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Yes, yes you do have time to do POCUS!

May 27, 2014 1 Comment

breaking bad ultraound

 

I was recently at the North York Emergency Medicine Update in Toronto, Ontario.  An excellent emergency medicine conference, often the largest annual meeting of its type in Canada.  During an amazing talk one of the plenary speakers, who loves ultrasound a lot, made a comment about rarely using it for nerve blocks.  Why?  Because it just takes too long.

Well the systems design part of me had a whole lot of disagreeing to do with that statement.  You have time to do a block.  You just haven’t prepared your department to do them.

fem block position

Let me give you a little analogy and pretend you came from another place where medicine had evolved differently.

You never learned to do suturing of lacerations in residency but picked it up in some post-graduate workshops.  Only you and a few other enthusiasts practice it in your ER.  The nursing and allied staff aren’t all that familiar with it so they don’t know what to stock or prepare.

There are no laceration carts, trays, or rooms set up for doing suturing.  Every time you want to repair a laceration you have to run to the four corners of the department gathering supplies.  Some may have to be obtained from the OR because your department doesn’t stock them regularly.

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You have no rooms or lighting to accommodate doing lac repairs so you have to do a lot of moving things around.

You may have to do extra explaining to staff and patients about what you are going to do because it’s rarely done in the ER.  Most of your colleagues just call a surgeon who will do the repair in another department in a few hours during sociable hours and try to hold anything after-hours that is noncritical until the next day.

Guess how many lacerations you would be repairing in this system?  How long would it take?  Would it be good patient care to let the patients wait for delayed repairs?

That, my friends is where most of us are with POCUS guided procedures.  You don’t have the prepared procedures trays.  You don’t have the ultrasound machine properly set up ahead of time by staff.  You don’t have the needed equipment and supplies properly stocked and available.  You don’t have the experience of doing the procedure often enough to iron out all the small obstacles making it slow and inefficient.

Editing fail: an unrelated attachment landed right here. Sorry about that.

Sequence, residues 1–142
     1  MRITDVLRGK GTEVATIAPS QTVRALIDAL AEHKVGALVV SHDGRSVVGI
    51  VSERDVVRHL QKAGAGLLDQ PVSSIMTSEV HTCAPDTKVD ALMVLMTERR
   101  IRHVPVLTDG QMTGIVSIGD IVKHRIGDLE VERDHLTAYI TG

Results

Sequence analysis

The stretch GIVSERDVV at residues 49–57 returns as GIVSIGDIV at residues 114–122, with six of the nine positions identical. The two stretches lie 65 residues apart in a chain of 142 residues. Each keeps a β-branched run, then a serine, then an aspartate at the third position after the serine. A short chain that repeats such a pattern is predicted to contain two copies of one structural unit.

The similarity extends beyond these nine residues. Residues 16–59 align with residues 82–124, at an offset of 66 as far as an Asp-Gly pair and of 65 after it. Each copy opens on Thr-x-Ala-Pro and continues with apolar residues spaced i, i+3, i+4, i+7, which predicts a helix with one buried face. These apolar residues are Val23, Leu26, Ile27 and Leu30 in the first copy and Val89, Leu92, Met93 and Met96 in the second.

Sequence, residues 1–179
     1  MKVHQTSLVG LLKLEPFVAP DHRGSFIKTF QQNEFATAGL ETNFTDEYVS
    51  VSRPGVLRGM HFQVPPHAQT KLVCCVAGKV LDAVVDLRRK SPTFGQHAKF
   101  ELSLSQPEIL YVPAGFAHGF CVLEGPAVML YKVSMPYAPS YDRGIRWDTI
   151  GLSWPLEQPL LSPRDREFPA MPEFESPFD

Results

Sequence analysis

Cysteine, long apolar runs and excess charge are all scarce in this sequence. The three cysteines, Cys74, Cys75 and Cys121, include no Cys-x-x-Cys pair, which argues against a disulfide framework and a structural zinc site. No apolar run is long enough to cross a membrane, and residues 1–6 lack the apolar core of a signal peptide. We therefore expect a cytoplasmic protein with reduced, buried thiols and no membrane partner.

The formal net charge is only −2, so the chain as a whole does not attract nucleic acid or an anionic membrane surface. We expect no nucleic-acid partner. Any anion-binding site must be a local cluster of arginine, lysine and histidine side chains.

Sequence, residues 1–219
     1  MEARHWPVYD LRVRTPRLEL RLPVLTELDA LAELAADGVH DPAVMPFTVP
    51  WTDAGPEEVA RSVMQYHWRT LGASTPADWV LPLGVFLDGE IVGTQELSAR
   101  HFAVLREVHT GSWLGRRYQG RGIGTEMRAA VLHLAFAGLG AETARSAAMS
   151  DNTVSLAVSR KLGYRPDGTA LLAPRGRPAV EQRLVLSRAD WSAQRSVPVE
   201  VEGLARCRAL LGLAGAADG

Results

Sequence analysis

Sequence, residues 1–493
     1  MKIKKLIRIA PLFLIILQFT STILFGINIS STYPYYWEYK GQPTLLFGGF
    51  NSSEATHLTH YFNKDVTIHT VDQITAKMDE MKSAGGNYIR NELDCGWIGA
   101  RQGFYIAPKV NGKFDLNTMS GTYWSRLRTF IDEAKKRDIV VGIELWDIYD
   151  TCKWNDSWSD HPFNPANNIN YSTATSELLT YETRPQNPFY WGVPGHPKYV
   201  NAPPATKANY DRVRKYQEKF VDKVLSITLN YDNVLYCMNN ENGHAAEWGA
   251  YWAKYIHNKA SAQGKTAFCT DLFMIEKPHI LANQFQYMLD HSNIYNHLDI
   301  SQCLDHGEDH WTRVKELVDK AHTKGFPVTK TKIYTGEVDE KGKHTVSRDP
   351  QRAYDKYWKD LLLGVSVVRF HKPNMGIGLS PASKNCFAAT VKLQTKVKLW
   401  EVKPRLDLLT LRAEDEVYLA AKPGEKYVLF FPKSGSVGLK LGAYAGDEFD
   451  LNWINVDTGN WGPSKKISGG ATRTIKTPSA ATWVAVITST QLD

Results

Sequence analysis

What you have, is a system not designed to support POCUS.

I have many stories of patients with femur fractures that were loaded up with opiods and miserable.  Two children crying quietly while waiting to go to surgery.  A horse-rider screaming with every move made to get him over for his XRays after a bad fall.  A femoral block took the pain AWAY for all of them.  The children relaxed and laughed with their families.  The equestrian could get comfortable getting X-rays and waiting for his orthopaedic consult.  This is the care I want for my fracture.   One of my orthopaedic surgeons replied to my request to block his patients while waiting for surgery:  “I hope if it’s my mother that comes into the ER next week you do a block.”

POCUS provides a valuable tool in multimodal pain control.  There is growing literature demonstrating how it improves the acute care and long term outcome for many of our patients.  You need to do more than master the skills of generating images and guiding needles with ultrasound.  You need to look at creating a system to support this service.  If there is one thing we can offer any patient in the ER, it is adequate pain control.  You owe it to your patients to learn US guided regional anesthesia and to create a system to support this modality so you actually have the time to do the block.

Some reasons why you should do blocks now:

Impact of Ultrasound-Guided Femoral Nerve Blocks in the Pediatric Emergency Department

A comparison of ultrasound-guided three-in-one femoral nerve block vs parenteral opiods alone for hip fractures

Don’t forget an earlier post of Steve’s on putting together a femoral block tray.

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Comments (1)

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  1. Anton Helman says:

    Great post Greg! Abolishing pain is perhaps the most important thing we can do for our patients in the ED, especially kids. Here are 3 more nerve block references for your readers that we will discuss on an upcoming EM Cases podcast episode on Peds POCUS with Jason Fischer, Alyssa Abo, Adam Sivitz & Alex Arroyo.

    Frenkel, O., Mansour, K., & Fischer, J. W. J. (2012). Ultrasound-guided femoral nerve block for pain control in an infant with a femur fracture due to nonaccidental trauma. Pediatric Emergency Care, 28(2), 183–184
    http://www.ncbi.nlm.nih.gov/pubmed/22307191

    Liebmann, O., Price, D., Mills, C., Gardner, R., Wang, R., Wilson, S., & Gray, A. (2006). Feasibility of forearm ultrasonography-guided nerve blocks of the radial, ulnar, and median nerves for hand procedures in the emergency department. Annals of Emergency Medicine, 48(5), 558–562.

    Herring, A. A., Stone, M. B., Fischer, J., Frenkel, O., Chiles, K., Teismann, N., & Nagdev, A. (2011). Ultrasound-guided distal popliteal sciatic nerve block for ED anesthesia. The American Journal of Emergency Medicine, 29(6), 697.e3–5.

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